Image credit: Highway Patrol Images
A star of the big screen as the baddie’s car of choice in Bullitt and the anti-heroes’ choice in The Dukes of Hazzard, there are few examples of Americana muscle car more iconic, and more desirable than the Dodge Charger. With the burble of a V8 adding to its menacing appeal, when most people think of a muscle car, it's the Charger that comes to mind.
As with so many iconic American cars from the late 60’s onwards, models had a tendency to grow in size and weight as the 70’s progressed. Unlike the series three and four models, the earlier incarnations, with slick styling, Coke-bottle profile, and lack of adornments, are probably the sweet spot of the model’s line.
As a car designed with performance in mind, only V8 engines were available. For those that wanted a less focused performance car, the entry level was ‘just’ a 318 cu (5.2litre) V8, with a single carburettor. For those that wanted the ultimate in performance however, there was the Charger R/T.
Named after the popular Road and Track car magazine of the time, the R/T was a purely performance-focused model. Powered by a vast 440 Magnum V8 engine of 7.2 litres, running with a vast four-barrel carburettor, the 1968 pushed out a 435bhp, which is impressive by today’s standards but was devastating for quarter-mile drag races and general street use.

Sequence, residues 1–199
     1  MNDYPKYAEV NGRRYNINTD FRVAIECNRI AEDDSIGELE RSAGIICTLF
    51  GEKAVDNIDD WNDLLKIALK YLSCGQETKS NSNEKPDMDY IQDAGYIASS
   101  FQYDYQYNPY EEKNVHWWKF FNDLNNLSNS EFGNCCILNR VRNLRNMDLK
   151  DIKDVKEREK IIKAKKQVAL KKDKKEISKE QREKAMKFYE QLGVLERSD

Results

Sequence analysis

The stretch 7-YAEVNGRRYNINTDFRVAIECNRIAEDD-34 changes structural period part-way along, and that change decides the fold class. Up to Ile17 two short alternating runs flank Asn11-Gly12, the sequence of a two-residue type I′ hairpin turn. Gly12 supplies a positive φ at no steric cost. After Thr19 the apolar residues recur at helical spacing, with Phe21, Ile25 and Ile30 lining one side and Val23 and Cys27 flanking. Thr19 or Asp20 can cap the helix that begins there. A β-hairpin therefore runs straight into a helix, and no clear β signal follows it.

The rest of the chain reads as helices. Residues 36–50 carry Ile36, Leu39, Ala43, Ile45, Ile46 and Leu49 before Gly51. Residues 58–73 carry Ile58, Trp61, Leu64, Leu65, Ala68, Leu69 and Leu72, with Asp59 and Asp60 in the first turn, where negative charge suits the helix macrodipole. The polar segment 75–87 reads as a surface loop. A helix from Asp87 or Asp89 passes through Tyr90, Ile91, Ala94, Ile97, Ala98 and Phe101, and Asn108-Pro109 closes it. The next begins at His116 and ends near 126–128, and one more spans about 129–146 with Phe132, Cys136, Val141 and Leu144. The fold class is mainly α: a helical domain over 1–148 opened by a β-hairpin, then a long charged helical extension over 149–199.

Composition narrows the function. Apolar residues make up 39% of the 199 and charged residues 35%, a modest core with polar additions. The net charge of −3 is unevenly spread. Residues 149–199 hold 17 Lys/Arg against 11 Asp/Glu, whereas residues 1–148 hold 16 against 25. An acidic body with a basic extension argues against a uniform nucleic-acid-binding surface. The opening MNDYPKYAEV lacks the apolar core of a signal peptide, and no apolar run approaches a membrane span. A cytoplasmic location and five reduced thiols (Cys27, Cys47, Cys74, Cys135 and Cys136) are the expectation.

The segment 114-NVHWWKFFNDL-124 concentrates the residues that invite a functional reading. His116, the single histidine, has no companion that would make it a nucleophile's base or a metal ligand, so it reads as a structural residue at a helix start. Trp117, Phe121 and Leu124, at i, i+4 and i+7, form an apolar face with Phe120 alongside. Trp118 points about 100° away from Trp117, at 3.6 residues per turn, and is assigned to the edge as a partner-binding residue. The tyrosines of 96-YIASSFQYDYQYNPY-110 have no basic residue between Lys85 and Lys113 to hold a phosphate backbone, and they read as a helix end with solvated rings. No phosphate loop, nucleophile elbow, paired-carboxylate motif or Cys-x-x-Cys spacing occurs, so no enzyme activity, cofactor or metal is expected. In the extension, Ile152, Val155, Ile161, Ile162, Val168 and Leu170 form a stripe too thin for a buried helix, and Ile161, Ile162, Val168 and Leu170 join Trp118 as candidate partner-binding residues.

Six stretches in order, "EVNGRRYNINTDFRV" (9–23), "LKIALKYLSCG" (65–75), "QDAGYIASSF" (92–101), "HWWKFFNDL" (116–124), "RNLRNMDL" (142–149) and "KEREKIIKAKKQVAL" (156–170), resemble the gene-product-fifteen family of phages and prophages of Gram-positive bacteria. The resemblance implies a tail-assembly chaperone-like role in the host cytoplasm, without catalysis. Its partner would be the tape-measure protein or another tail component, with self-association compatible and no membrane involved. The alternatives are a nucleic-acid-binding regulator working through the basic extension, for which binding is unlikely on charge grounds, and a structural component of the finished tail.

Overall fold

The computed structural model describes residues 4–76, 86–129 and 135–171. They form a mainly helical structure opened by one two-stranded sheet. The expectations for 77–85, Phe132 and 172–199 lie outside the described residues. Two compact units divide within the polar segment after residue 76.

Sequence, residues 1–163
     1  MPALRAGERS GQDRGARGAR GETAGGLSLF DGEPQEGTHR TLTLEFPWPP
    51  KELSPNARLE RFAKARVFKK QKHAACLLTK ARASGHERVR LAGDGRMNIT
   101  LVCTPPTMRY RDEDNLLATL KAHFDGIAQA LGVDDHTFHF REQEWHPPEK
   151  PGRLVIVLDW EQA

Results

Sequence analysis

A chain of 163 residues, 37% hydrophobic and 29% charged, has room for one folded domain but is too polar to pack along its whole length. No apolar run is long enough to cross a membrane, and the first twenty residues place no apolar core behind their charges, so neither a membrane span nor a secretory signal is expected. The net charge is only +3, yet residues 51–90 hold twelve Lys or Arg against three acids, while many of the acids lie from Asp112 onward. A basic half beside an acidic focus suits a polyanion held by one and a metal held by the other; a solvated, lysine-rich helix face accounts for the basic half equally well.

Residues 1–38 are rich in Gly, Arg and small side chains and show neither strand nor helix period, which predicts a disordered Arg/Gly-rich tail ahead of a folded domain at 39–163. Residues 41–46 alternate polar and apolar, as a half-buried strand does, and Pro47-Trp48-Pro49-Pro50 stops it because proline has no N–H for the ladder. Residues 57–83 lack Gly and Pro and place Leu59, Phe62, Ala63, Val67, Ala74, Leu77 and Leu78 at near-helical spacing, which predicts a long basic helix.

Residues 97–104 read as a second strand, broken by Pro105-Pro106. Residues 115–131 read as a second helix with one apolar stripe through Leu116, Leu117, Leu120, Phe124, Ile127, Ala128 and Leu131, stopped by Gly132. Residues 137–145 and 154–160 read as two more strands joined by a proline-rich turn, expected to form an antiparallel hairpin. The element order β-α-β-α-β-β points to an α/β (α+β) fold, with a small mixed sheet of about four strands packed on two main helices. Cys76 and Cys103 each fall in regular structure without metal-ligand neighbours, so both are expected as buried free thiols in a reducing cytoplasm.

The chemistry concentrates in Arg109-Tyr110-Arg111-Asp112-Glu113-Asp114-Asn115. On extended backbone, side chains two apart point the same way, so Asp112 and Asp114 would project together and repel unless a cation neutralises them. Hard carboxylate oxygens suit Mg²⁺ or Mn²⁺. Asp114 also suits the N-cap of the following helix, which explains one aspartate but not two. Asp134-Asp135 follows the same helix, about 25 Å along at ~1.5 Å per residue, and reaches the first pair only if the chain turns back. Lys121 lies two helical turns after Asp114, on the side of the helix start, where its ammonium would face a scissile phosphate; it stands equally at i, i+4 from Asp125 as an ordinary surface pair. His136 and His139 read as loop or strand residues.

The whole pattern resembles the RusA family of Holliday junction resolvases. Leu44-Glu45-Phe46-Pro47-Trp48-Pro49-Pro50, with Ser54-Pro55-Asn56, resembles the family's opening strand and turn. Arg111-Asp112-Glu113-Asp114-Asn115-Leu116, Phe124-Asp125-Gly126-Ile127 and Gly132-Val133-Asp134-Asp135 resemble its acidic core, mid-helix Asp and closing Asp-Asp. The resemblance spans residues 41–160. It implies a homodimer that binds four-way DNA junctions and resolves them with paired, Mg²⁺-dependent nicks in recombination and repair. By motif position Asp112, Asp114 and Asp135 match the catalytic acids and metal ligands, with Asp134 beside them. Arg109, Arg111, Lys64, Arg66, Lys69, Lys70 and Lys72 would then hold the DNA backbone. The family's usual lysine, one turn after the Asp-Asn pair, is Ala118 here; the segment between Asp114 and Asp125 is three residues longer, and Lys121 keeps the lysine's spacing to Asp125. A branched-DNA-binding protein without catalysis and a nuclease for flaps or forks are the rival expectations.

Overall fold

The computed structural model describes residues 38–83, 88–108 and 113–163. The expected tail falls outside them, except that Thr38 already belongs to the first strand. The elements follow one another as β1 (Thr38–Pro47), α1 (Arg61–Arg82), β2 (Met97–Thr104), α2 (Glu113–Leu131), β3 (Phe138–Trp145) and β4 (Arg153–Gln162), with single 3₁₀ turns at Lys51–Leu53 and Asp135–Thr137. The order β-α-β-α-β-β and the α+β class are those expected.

Where the Charger lost out to competitors, however, was the lack of aerodynamics at higher speeds, and with the repeated inability to beat the Ford Torino at NASCAR proving galling to the management of Dodge, a limited edition was created to solve the problem.
The Dodge Charger Daytona sported a dart-like 18-inch nosecone to eliminate front-end lift and reduce drag while at the rear, an incredible 23-inch tall spoiler kept the car on the ground and helped with high speed stability.
Subtle, it was not, but effective, it was. When the car was clocked in testing at 205mph, it was clear that the changes had been worthwhile, and when the limited order book of 1000 Daytona Chargers was filled almost immediately, it was clear that the American public agreed.
Today, Dodge Chargers are increasingly sought after by collectors and enthusiasts. When the model became one of the stars of the Fast and Furious Hollywood franchise, it awakened a wave of interest in a whole new generation of fans. Interestingly, it is the Charger R/T that is repeatedly victorious in street races against more modern supercars. Whether Bullitt, The Dukes of Hazzard or the Fast and the Furious, the end result is always the same – it wins - and has allowed this venerable muscle car to reign supreme in the kudos stakes.
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